Chautauqua—how do you pronounce it
and what does it mean?

\shah-'TALK-wah\ is a free dinner TALK series for faculty and first-years.

The image above shows all the professors that participated in Chautauqua Fall 2016 in no particular order. At the bottom of this page is the complete list of lectures given by each professor.

Since the fall of 2008, Duke's Chautauqua series has replicated the spirit of 19th-century Chautauqua assemblies that took compelling cultural education to rural communities. In the setting of a free catered gourmet dinner, the series brings luminary Duke professors into East Campus residence halls for a discussion with first-year students, with a special emphasis on their research that connects to current political, social, scientific and environmental issues. Students have the opportunity to explore multiple majors without committing to a whole semester of classes and to spend quality time with faculty members in a small-group setting. Past speakers have included academics such as political scientist Peter Feaver, Biology professor Mohamed Noor, and Duke's President Richard Brodhead. We seek to blur the lines between academic space and residential space so that our newest students understand that the intellectual life does not end in the classroom, and that their academic experiences have great relevance to current events.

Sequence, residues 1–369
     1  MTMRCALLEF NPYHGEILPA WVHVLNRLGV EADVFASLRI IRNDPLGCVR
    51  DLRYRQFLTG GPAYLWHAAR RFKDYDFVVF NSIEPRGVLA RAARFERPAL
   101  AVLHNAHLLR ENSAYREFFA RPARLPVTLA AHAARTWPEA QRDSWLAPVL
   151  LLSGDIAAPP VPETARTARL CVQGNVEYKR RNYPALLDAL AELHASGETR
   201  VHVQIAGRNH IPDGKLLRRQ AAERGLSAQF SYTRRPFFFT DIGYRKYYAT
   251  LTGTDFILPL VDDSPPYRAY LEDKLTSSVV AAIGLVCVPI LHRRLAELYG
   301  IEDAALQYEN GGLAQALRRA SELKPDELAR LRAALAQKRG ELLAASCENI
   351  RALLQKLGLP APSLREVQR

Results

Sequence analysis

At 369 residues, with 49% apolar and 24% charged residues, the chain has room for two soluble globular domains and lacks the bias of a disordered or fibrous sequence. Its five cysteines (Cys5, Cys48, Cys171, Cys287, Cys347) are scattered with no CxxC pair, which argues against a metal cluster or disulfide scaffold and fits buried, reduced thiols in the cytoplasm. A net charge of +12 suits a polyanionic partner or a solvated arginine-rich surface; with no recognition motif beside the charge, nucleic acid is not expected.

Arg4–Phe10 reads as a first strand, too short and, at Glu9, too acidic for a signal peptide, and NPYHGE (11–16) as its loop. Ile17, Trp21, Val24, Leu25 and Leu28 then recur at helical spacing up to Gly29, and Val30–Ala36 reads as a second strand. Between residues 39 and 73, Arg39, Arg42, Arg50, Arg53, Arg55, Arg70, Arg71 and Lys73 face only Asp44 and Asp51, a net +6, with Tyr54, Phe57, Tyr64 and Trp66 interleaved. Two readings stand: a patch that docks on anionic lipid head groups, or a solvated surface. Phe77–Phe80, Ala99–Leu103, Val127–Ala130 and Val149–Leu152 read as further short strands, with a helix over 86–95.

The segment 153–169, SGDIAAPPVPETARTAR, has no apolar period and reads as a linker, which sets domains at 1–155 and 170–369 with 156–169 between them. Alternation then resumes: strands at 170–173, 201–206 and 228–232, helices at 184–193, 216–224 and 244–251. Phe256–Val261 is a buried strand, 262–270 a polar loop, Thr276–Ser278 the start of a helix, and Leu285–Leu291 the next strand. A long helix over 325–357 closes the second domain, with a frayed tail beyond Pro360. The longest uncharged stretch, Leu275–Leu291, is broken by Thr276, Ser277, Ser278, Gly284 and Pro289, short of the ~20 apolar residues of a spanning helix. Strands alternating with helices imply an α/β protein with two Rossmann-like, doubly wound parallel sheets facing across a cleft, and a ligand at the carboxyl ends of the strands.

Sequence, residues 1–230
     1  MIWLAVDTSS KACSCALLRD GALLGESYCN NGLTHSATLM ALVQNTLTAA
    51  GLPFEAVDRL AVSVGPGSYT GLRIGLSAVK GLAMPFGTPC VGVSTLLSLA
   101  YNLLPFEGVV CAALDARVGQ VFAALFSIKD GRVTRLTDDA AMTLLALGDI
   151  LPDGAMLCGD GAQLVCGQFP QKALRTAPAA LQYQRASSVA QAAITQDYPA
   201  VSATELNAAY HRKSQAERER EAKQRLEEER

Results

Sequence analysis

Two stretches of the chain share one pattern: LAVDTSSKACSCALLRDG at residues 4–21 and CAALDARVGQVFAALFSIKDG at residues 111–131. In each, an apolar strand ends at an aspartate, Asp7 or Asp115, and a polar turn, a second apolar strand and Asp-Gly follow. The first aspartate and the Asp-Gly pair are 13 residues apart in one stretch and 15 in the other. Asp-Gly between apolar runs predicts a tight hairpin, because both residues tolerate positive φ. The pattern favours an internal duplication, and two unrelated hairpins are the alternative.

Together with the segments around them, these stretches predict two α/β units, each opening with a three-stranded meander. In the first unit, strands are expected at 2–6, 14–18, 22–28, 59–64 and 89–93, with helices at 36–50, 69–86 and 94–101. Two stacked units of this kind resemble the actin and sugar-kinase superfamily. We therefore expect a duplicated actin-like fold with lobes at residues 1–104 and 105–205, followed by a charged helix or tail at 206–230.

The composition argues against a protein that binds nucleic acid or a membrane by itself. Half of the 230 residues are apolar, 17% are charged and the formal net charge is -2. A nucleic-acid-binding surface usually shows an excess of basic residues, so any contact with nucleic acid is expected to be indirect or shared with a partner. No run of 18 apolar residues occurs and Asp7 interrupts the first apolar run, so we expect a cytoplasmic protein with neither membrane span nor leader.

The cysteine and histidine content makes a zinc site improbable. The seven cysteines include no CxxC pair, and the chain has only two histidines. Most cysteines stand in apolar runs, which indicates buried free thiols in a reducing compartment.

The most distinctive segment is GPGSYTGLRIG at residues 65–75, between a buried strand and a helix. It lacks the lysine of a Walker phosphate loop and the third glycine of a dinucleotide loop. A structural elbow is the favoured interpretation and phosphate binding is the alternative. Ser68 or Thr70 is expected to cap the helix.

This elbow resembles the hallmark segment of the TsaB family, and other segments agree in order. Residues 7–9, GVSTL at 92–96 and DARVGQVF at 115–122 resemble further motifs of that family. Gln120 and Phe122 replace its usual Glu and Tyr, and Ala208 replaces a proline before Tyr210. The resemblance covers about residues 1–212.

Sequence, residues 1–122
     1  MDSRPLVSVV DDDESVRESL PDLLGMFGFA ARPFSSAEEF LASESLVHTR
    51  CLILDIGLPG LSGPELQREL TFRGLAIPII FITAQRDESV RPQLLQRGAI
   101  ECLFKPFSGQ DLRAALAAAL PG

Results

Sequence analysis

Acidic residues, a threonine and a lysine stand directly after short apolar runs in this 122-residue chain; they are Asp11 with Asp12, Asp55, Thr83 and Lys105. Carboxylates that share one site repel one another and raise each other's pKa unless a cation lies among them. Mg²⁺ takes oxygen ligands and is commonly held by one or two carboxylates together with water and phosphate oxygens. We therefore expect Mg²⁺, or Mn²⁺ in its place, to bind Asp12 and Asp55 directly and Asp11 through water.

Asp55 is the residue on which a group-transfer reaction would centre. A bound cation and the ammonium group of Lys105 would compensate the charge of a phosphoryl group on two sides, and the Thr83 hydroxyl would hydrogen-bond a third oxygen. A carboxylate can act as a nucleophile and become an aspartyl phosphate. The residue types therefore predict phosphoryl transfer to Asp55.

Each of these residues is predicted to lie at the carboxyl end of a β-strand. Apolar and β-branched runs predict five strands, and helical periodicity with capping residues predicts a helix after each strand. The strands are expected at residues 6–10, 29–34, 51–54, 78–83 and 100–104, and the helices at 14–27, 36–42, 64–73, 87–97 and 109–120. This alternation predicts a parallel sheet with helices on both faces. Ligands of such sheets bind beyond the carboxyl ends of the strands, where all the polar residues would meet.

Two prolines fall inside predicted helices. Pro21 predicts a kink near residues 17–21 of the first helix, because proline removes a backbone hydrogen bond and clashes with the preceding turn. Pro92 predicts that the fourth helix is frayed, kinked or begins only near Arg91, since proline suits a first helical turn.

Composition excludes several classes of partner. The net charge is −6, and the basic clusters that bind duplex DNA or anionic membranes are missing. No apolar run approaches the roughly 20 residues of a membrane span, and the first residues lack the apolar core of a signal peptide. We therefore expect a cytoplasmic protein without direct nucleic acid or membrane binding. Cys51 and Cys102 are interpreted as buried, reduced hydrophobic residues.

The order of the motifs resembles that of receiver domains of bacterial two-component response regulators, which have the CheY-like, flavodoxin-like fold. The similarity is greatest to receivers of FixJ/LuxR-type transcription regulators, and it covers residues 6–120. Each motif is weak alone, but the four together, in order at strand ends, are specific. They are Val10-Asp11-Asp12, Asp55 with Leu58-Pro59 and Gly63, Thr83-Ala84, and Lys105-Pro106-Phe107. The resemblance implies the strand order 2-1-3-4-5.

2016 Fall Chautauqua Lectures Series

"Computer, Will This New Drug Help Me or Kill Me?" -- Anita Layton (Mathematics) Tuesday Sept. 13 Blackwell Lounge. Sign-ups have closed.

“Five Important Facts about the Presidential Race You Won’t Hear on TV” -- Nick Carnes (Public Policy & Political Science) Monday Sept. 19 Bassett Common Room. Sign-ups have closed.

"A Life in Capoeira: Lessons from An Afro-Brazilian Fighting Art" -- Katya Wesolowski (Cultural Anthropology) Monday Sept. 26 Pegram Common Room. Sign-ups have closed.

“Meanderings on Evolution and Species Formation” -- Mohamed Noor (Biology) Monday Oct. 3 Randolph Common Room. Sign-ups have closed.

“Man vs. Machine or Man and Machine” -- Mary Cummings (Mechanical Engineering) Thursday Oct. 13 Wilson Common Room. Sign-ups have closed.

“Coal Ash and Rare Earths: Can the Fuel of the Industrial Revolution Supply Essential Materials for Today’s Tech Revolution?” -- Heileen Hsu-Kim (Civil & Environmental Engineering) Tuesday Oct. 18 Alspaugh Common Room. Sign-ups have closed.

"Why Is America Obese (and What Can We Do about It?)" -- Gary Bennett (Global Health & Neuroscience) Tuesday Nov. 1 Brown Common Room. Sign-ups have closed.

“Building Bridges through Language, Culture, and Service” -- Bethzaida Fernandez (Romance Studies) Wednesday Nov. 9 Gilbert-Addoms Common Room. Sign-ups have closed.

“The Marvelous Sugar Baby in Brooklyn” -- Richard Powell (Art, Art History, & Visual Studies) Monday Nov. 14 Southgate Common Room. Sign-ups have closed.


If you would like to suggest any faculty to be part of this program or if you have any questions, contact the series coordinator Fausto Paguada,